At the risk of stating the obvious, Jesus’ ways are not our ways. I will even go so far as to say that it is as true today as it was when Jesus and the Disciples walked the earth. In today’s Gospel, Jesus uses two examples to show us what not to do and then compares that with an example of his expectation.

The first part of Jesus’s teaching is to beware of those who hold themselves in high esteem. One doesn’t need to look far to see people who feel entitled to the places of honor, who gain wealth at the expense of others, and put on a good front, who seem to have it all together on social media. Jesus is clear that these people will be condemned. 

Remember, the people of Israel were looking for a king. Someone to come in and rearrange the social order so that the Israelites would no longer be subject to the Romans. Jesus is not rearranging the social order, he is completely rewriting it. It isn’t enough to want to be in power or have the seat of honor, Jesus is looking into the heart. Our prayers should not be a pretext, but a plea from the heart, a deepening of our relationship with our Creator.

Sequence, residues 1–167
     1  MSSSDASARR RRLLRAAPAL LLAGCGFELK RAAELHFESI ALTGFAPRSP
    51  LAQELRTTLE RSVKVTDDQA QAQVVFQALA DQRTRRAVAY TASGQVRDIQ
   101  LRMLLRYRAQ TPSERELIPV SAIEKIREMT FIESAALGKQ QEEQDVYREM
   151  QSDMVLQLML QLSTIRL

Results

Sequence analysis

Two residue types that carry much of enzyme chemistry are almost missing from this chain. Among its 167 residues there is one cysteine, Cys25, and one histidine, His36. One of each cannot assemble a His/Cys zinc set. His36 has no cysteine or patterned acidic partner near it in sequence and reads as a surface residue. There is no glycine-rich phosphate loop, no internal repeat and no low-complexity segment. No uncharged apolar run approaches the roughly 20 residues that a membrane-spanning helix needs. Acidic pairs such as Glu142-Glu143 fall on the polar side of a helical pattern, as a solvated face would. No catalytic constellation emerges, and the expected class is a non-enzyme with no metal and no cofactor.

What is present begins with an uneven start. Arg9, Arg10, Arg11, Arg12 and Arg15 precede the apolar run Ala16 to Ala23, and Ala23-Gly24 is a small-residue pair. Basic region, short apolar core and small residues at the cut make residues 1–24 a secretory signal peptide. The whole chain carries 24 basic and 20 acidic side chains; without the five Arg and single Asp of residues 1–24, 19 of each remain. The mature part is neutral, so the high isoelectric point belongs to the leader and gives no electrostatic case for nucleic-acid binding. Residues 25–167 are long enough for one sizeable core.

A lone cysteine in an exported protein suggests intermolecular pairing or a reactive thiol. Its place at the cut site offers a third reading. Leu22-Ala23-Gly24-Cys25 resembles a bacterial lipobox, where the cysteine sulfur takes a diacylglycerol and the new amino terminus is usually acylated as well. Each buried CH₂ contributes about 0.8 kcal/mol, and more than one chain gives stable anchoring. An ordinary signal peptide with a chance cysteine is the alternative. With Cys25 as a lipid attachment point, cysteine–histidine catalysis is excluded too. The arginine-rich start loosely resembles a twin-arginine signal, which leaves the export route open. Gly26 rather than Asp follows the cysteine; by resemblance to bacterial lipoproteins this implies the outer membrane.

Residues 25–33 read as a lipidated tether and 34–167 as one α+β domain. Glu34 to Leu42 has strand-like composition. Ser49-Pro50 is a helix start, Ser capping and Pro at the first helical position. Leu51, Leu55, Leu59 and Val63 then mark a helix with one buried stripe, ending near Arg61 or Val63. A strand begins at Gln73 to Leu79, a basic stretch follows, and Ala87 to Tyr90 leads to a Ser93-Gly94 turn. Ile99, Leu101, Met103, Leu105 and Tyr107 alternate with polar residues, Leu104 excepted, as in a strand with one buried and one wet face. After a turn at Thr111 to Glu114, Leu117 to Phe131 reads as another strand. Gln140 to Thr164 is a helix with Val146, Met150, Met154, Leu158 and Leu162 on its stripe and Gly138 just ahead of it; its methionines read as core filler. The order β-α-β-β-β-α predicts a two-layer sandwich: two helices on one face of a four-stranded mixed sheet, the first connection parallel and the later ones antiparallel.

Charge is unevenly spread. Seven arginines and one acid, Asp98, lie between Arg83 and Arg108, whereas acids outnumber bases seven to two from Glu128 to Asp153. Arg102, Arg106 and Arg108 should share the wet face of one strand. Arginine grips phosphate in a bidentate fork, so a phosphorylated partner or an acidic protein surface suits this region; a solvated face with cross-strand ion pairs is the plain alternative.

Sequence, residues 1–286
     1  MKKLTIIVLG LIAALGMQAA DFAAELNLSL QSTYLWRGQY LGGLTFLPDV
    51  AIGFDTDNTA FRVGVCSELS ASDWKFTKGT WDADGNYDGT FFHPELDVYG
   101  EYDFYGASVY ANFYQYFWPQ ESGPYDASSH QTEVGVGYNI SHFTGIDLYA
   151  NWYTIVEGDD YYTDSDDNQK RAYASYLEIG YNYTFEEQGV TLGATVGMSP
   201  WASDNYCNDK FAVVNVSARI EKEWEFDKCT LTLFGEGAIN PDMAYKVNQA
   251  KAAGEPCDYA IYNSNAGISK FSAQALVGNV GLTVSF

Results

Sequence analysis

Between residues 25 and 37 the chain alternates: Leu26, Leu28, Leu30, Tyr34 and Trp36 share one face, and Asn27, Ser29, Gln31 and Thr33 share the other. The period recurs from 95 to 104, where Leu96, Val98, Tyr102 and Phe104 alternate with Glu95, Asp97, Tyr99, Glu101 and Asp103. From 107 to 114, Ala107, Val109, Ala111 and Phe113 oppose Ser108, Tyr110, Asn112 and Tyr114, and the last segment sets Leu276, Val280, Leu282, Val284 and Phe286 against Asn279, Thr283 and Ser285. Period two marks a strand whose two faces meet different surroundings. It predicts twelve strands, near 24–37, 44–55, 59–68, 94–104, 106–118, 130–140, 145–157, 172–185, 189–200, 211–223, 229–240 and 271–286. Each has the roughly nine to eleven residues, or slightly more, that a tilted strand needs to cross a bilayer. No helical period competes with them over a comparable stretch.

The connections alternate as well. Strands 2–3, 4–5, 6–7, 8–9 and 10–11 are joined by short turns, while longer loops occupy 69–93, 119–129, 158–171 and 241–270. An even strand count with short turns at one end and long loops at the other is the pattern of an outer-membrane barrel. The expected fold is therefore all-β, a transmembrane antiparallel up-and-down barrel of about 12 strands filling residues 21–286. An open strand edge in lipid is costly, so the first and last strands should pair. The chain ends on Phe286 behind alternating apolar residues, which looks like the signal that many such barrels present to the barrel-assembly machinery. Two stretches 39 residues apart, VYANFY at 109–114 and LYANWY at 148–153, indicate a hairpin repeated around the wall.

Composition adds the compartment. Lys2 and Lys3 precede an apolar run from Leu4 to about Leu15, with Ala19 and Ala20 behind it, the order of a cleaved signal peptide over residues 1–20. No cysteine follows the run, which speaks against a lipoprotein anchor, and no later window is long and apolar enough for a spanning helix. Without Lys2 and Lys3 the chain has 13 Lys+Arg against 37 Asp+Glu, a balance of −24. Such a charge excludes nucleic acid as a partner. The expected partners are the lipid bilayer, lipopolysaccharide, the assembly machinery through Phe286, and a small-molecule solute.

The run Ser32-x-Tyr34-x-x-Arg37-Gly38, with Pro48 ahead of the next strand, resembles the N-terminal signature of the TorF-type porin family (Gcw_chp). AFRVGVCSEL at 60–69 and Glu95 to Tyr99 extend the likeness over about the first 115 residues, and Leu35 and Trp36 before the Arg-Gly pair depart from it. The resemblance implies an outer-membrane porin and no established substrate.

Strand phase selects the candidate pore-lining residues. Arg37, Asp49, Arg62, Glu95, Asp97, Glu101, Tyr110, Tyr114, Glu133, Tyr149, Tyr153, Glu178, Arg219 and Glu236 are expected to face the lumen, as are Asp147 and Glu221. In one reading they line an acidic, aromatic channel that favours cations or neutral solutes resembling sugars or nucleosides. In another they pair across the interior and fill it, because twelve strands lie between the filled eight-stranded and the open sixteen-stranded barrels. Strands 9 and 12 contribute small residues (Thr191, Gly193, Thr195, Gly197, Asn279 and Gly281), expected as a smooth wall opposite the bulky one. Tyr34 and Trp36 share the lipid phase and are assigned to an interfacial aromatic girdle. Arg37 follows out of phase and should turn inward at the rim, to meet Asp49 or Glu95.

In the story of the poor widow, we see Jesus respond with warmth and kindness to the poor woman who gave her all. It isn’t about the amount we give, Jesus wants all of us. Do we give of our very selves? Do we prioritize giving or do we only give what is comfortable to give, from what we have leftover after we take care of everything else? 

When asked about the greatest commandment, Jesus told us to love God first, and then to love our neighbor as ourself. In this reading from Mark’s Gospel we see examples of what it looks like when we don’t put God first, when we place ourselves above our neighbors. We can’t help but be moved when our human tendency to put self first is contrasted with the poor widow who gave it all. 

Lord, grant me the humility to give you my all like the poor widow and not hold anything back.

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